As economic inequality in the United States continues to increase, a new study offers some discouraging news for anyone expecting the rich to spontaneously help those who have less.
In a series of experiments, a team of researchers at UC Berkeley found that people of lower socioeconomic status are actually more altruistic than those higher on the economic ladder.
In one of these experiments, the researchers, led by doctoral student Paul Piff, gave participants the opportunity to share $10 with an anonymous stranger. A few days earlier, the participants had all filled out a questionnaire in which they reported their socioeconomic status. The results showed that people who had placed themselves lower on the social scale were actually more generous than upper class participants were.
That finding is consistent with national survey results showing that lower-income people donate a greater percentage of their income to charity than upper-income people do.
A second experiment built on this finding, suggesting that there’s something about the specific psychological experience of having less that induces people to give more. Piff and his colleagues, including Greater Good Science Center Faculty Dacher Keltner, had participants engage in an exercise that made them feel like they were either of higher or lower status. Then the participants had to say how they thought people should divide up their annual income—on food, recreation, charitable donations, or other items.
Those made to feel lower on the social totem pole said that a higher percentage should be spent on charity.
So what is it about being less well-off that causes people to be more generous?
In other experiments, the researchers found evidence that lower-class participants’ greater tendency to perform kind, helpful—or “pro-social”—behavior could be explained by their greater concern for egalitarian values and the well-being of other people, and their stronger feelings of compassion for others.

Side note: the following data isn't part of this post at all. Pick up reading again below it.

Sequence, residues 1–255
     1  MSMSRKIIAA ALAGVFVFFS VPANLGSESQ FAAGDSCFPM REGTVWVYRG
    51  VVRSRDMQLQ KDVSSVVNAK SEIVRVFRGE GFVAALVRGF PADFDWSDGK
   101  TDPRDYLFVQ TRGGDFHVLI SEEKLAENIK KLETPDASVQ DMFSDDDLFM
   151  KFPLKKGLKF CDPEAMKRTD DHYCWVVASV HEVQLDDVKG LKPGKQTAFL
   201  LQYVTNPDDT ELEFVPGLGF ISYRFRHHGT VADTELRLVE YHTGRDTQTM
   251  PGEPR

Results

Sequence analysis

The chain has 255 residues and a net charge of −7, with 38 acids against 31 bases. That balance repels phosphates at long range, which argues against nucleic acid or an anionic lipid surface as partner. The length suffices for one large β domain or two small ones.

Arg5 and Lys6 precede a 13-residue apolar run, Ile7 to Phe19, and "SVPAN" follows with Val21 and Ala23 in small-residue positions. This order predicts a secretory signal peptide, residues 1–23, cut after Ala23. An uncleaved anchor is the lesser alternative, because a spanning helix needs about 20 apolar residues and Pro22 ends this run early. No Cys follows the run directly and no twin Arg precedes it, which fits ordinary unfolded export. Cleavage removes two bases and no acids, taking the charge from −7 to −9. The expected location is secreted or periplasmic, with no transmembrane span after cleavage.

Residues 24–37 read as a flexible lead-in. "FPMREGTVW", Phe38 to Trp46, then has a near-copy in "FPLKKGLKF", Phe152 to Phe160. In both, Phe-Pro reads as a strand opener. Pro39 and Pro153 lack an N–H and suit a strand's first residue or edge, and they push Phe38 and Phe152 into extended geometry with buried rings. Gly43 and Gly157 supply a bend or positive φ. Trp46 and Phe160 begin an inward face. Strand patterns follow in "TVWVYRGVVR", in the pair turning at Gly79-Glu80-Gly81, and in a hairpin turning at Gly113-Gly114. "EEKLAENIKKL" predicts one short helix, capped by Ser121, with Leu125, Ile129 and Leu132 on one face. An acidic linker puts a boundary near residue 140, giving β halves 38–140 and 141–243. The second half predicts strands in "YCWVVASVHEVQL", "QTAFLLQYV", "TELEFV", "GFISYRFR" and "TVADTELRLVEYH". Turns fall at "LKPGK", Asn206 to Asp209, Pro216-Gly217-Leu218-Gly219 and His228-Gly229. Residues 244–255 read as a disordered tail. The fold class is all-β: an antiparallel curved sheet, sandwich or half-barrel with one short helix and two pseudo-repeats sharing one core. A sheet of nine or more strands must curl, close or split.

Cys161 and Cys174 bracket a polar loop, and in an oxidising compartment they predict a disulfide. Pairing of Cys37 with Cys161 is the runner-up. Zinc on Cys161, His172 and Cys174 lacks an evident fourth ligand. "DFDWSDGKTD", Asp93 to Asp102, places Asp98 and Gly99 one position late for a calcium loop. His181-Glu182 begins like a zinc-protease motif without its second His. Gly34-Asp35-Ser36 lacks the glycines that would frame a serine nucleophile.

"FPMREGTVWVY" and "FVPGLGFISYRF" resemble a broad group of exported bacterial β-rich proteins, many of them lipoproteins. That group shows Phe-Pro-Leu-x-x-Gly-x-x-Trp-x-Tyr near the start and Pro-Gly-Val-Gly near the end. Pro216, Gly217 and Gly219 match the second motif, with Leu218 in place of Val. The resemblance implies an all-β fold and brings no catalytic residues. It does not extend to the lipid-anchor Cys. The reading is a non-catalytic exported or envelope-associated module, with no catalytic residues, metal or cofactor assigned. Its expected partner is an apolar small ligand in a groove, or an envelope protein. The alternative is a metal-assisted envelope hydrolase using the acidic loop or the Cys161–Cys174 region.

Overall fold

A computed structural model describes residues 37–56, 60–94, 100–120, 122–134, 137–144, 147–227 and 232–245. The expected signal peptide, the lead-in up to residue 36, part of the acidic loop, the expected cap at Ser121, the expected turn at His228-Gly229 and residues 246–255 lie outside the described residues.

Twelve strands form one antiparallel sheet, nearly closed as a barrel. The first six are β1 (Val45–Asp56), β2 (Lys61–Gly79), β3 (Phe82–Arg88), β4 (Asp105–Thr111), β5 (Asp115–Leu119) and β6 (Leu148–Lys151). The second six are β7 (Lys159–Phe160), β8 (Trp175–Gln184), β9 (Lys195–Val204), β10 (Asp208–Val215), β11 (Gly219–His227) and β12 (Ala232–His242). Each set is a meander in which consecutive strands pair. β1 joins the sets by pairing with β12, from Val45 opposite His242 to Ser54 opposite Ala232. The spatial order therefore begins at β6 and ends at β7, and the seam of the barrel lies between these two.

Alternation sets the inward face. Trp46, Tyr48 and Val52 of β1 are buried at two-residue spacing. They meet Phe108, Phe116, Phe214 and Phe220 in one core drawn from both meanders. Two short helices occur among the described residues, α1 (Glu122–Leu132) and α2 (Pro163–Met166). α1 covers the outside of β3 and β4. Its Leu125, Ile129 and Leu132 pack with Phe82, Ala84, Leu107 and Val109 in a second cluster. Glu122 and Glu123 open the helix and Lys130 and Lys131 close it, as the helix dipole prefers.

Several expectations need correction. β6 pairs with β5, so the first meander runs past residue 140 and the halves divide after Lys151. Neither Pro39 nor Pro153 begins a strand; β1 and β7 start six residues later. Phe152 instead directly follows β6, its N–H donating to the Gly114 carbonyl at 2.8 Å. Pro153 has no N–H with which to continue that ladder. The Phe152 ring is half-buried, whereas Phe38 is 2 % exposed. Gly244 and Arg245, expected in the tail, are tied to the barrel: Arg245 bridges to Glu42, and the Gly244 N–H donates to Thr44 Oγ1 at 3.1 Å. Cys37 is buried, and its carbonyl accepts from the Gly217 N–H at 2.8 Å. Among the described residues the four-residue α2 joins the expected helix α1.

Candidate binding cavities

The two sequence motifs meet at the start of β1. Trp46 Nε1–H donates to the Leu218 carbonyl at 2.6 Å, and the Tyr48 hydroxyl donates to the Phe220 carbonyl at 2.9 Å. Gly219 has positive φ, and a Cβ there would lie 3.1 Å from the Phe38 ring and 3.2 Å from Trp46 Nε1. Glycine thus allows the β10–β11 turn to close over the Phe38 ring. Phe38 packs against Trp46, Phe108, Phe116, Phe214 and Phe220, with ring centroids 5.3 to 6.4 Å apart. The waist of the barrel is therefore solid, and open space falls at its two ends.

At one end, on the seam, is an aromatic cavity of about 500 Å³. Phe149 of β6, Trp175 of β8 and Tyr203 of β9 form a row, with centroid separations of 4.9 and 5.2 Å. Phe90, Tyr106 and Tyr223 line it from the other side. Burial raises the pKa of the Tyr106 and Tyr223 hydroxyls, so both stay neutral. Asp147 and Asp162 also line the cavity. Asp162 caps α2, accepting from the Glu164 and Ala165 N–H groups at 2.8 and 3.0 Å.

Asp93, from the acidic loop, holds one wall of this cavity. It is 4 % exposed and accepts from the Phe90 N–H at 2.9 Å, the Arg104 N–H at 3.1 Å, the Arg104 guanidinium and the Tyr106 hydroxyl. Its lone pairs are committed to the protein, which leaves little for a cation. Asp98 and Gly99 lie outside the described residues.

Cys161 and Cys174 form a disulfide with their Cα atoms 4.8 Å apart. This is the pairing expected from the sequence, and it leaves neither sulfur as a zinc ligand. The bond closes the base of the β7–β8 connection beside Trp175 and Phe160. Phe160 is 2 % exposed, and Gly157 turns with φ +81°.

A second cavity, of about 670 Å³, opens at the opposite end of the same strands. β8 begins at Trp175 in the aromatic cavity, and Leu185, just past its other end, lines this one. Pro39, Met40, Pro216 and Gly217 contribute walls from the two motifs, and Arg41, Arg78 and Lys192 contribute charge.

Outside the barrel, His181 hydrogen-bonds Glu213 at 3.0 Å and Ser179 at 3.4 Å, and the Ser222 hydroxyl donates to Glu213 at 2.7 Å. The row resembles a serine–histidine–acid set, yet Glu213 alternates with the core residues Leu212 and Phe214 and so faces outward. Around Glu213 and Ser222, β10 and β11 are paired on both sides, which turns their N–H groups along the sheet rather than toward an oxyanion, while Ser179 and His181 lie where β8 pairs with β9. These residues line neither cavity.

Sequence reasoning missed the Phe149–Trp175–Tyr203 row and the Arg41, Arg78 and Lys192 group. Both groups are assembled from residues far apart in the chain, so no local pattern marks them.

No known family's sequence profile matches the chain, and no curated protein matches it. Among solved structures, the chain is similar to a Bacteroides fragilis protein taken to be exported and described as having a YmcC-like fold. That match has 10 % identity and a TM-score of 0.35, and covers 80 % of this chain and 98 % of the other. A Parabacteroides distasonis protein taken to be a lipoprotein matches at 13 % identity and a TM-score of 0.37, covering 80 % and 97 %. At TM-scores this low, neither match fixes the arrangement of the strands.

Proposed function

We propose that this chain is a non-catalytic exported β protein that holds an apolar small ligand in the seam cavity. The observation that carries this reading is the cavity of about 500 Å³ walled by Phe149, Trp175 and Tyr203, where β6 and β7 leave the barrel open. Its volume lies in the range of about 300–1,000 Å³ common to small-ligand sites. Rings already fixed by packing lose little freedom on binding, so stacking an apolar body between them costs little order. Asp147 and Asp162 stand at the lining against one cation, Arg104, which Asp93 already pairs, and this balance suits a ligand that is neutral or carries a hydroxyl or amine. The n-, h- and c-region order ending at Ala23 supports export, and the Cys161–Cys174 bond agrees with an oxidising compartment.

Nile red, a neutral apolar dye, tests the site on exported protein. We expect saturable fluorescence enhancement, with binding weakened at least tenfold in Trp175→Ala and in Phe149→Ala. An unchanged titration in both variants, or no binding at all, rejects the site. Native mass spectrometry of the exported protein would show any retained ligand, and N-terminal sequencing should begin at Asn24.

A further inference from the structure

However, the researchers also found that when they induced feelings of compassion in upper class participants, those people showed just as much pro-social behavior as lower-class participants. This suggests to the researchers that the rich aren’t as generous as the poor because they don’t typically feel as much compassion for others.
Piff and his colleagues argue that the poor may feel more compassion because they are more connected to those around them, psychologically and socially. They are more dependent on other people to get by, for instance, and previous research has found that, perhaps as a result of that dependency, they display more empathy and are more attuned to other people’s body language than the rich. On the flip side, as people attain higher status, their ability to take others’ perspectives is diminished.
Piff and his colleagues’ findings have profound implications at a time when the richest one percent of Americans now owns more than the combined wealth of the bottom 90 percent.
“Our data suggest that an ironic and self-perpetuating dynamic may in part explain this trend,” write the researchers in their study, soon to be published in the Journal of Personality and Social Psychology. “Whereas lower-class individuals may give more of their resources away, upper-class individuals may tend to preserve and hold onto their wealth. This differential pattern of giving versus saving among upper- and lower-class people could serve to exacerbate economic inequality in society.”